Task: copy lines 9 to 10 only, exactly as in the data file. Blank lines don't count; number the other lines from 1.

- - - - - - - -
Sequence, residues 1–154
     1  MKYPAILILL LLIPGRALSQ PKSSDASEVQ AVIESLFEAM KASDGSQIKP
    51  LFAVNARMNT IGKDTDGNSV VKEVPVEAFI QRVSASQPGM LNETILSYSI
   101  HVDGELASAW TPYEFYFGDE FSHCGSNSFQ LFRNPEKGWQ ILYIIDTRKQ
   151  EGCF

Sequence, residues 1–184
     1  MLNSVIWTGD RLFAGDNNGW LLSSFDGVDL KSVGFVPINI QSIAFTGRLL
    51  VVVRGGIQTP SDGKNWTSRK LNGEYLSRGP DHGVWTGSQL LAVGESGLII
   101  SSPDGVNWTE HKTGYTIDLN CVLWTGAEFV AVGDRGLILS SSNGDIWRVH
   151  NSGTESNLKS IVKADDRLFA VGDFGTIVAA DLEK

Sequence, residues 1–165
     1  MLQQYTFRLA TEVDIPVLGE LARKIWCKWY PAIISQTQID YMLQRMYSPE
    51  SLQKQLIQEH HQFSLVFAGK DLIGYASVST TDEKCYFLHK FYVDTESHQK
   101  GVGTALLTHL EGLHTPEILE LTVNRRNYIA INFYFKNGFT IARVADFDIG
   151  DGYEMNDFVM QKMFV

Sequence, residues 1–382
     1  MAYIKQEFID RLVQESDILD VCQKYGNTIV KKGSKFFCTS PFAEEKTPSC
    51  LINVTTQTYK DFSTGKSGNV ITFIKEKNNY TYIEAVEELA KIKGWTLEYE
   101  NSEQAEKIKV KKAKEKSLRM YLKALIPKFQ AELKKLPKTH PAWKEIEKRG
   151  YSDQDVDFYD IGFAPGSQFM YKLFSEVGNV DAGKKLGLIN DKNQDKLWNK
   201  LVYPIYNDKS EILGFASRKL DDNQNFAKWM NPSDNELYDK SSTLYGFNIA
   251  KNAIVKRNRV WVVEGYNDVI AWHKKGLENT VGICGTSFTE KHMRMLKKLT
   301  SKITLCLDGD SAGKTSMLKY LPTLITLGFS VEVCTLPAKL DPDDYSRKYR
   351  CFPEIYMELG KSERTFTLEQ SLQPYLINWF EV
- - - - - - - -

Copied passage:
   101  SSPDGVNWTE HKTGYTIDLN CVLWTGAEFV AVGDRGLILS SSNGDIWRVH
   151  NSGTESNLKS IVKADDRLFA VGDFGTIVAA DLEK